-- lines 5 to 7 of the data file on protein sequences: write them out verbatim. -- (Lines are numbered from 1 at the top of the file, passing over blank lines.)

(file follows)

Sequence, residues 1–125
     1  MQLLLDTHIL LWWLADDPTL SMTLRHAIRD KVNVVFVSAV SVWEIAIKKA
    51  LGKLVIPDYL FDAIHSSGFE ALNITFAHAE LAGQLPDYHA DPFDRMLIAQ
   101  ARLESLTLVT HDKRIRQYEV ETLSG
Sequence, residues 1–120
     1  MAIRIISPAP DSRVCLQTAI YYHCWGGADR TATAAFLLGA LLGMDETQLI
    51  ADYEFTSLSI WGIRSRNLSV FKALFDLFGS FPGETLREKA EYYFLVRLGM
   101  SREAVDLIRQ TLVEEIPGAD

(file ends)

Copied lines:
Sequence, residues 1–120
     1  MAIRIISPAP DSRVCLQTAI YYHCWGGADR TATAAFLLGA LLGMDETQLI
    51  ADYEFTSLSI WGIRSRNLSV FKALFDLFGS FPGETLREKA EYYFLVRLGM